Objectives: The aim of the present study was to characterize and compare the extended-spectrum β-lactamase (ESBL)-producing organisms isolated from clinical samples and faecal carriers in 2001 and 2002. Methods: A total of 5251 Enterobacteriaceae isolated from clinical samples and 1321 stool samples were evaluated for the presence of ESBLs. The stool samples were spread onto plates of MacConkey agar containing 2 mg/L cefotaxime for selection of ESBL-producing strains. These strains were defined as those showing synergism between amoxicillin/clavulanic acid and third-generation cephalosporins. The β-lactamases involved were characterized by isoelectric focusing, PCR assays and DNA sequencing. Results: The prevalence of ESBL-producing strains among clinical Enterobacteriaceae was 1.7%. Of these, 87.6% produced CTX-M, 25.8% produced SHV and 2.2% were TEM-type-producing strains. All clinical ESBL-producing strains were Escherichia coli, with the exception of four Klebsiella pneumoniae and one Citrobacter freundii. The prevalence of faecal carriage of ESBL-producing organisms was 3.3%. Of these, 75% produced CTX-M-type enzymes followed by 22.7% SHV-producing strains. All faecal ESBL-producing strains were E. coli except for one Enterobacter cloacae and one Proteus mirabilis. This latter strain produced the PER-1 enzyme reported for the first time in Spain. Conclusions: The prevalence of ESBL-producing strains in stool samples was higher than that observed in clinical samples from the same period. The different types of ESBLs found were similar in both contexts. The most prevalent ESBLs were the CTX-M-related enzymes, with nine different types, followed by SHV-12. © The Author 2005. Published by Oxford University Press on behalf of the British Society for Antimicrobial Chemotherapy. All rights reserved.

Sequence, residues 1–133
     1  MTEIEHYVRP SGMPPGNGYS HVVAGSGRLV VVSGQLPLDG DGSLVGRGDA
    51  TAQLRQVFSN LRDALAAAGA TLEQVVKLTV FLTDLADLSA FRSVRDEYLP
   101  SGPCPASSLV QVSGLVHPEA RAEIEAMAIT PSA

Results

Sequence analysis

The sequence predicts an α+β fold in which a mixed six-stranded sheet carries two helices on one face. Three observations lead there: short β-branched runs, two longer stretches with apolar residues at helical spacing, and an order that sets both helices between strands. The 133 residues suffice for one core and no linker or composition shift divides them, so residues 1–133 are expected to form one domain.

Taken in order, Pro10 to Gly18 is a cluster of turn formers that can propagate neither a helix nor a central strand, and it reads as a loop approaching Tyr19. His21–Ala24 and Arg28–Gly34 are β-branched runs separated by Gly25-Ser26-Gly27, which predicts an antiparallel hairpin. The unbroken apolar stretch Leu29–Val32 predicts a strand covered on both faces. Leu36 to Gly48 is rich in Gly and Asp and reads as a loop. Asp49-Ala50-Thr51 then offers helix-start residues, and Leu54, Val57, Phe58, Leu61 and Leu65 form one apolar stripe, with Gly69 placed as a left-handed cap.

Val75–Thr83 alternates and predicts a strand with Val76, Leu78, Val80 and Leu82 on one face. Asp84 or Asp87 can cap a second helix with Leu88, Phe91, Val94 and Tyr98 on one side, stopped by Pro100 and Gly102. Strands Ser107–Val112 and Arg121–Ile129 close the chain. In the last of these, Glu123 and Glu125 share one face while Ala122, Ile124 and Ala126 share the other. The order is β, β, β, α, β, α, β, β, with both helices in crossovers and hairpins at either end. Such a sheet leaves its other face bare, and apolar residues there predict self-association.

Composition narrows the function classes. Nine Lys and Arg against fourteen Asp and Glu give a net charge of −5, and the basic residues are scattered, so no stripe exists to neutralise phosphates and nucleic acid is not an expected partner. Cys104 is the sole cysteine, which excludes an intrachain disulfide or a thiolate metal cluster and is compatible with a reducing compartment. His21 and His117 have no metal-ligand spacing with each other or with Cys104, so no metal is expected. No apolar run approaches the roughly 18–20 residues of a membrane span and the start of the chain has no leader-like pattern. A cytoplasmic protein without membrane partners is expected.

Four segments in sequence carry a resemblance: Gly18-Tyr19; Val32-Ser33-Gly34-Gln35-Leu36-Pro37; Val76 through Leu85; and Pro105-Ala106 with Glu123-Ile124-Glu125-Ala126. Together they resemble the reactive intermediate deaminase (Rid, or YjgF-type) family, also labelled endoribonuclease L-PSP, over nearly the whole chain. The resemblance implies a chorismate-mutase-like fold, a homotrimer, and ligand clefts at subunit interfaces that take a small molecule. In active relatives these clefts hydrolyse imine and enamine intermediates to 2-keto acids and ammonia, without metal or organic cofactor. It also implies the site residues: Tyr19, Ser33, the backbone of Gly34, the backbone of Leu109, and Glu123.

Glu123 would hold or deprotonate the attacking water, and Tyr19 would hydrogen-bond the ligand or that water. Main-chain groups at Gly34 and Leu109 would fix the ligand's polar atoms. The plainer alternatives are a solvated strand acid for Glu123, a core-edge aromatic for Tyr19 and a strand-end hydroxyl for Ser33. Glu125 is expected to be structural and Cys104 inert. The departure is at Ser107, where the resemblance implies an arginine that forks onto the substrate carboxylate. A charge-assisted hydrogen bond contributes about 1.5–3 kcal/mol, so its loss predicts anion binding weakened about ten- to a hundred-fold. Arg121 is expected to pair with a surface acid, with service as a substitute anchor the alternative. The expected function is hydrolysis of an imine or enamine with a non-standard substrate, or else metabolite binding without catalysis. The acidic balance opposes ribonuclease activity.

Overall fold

|Journal||Journal of Antimicrobial Chemotherapy|
|Publication status||Published - 1 Dec 2005|